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MIAMI (CBSMiami) – Troubling information from Miami-Dade Mayor Carlos Gimenez about the possible impact of sea level rise to county-owned property.

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A study delivered to the county commission says 46% of county-owned assets are vulnerable to sea level rise and worsening storm surge flooding.

The mayor says the county’s office of resilience is meeting with every department to discuss how to fortify properties.

County leaders are preparing for the sea level to rise about two feet by 2060. Leaders admit it could be far less or a lot more.

“This is serious business. It’s in the world news. It’s in the national news. It has serious implications in southeast Florida,” said James Murley, Miami-Dade Chief Resilience Officer.

Murley’s job is to get the county ready ahead of the impacts from rising water. Murley said people have been doing what he’s doing for years.

“We’ve learned how to manage the water when people first came here to begin development and we’ve been doing it ever since,” he said.

Wednesday, The New York Times published an article from the City of Miami Mayor Francis Suarez about his concerns over the threat of rising waters.

“They’re beginning to think about how to upgrade our existing roads or how we should do any of our investments we are doing to provide services to our communities,” Murley said.

The coast is not alone. County leaders say rising sea level brings rising rivers and canals.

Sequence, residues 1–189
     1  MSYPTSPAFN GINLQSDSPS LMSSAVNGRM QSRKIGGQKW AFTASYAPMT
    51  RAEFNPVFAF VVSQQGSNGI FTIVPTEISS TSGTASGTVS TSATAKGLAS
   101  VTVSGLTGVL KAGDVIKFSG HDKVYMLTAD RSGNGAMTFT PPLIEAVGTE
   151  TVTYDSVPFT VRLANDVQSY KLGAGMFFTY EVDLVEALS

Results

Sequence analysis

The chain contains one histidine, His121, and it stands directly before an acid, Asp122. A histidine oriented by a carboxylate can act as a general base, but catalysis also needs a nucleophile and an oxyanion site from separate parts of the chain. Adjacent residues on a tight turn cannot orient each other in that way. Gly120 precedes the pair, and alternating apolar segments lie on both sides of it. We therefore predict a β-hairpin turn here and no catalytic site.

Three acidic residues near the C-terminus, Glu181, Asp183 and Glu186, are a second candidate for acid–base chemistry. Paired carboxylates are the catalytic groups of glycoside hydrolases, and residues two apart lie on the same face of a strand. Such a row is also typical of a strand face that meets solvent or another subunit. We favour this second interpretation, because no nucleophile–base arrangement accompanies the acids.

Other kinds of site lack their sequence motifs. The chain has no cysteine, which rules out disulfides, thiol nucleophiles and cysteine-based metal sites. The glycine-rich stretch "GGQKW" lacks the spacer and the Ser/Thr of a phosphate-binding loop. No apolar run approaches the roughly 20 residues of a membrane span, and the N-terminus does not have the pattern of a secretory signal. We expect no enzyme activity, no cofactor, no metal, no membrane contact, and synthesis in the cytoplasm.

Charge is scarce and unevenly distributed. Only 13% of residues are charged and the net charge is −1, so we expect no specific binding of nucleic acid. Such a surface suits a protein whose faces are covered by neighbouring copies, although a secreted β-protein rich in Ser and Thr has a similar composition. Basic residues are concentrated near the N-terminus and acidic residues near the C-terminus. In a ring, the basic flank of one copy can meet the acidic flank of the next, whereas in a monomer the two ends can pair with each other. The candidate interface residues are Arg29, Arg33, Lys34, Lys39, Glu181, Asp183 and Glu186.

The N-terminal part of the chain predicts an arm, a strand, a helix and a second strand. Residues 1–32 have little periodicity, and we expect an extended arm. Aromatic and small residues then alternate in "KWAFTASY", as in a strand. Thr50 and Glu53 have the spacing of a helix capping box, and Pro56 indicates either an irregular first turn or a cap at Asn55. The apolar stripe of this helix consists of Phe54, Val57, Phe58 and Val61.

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There’s already an aging drainage system that could be a problem since nobody predicted Miami-Dade being as popular as it is today.

“They missed our population growth by over 100 percent. There’s no way they could’ve envisioned what’s outside our window,” said Murley.

During an interview with CBS4, Murley said groundwater may be a problem too.

When saltwater is absorbed in the ground, it’s heavier that the freshwater. So, it could push groundwater above ground.

“This is a global problem and that if we are going to slow the rise, we need to encourage global solutions,” Murley said.

They will also talk about designing new projects with sea level rise in mind.

The study says a four percent budget increase is needed for projects vulnerable to sea level rise.

The study looked at more than 1,000 county properties.

The unified sea level rise projections can be found at

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And residents can find out more information about the Office of Resilience and what the County is doing to address climate change at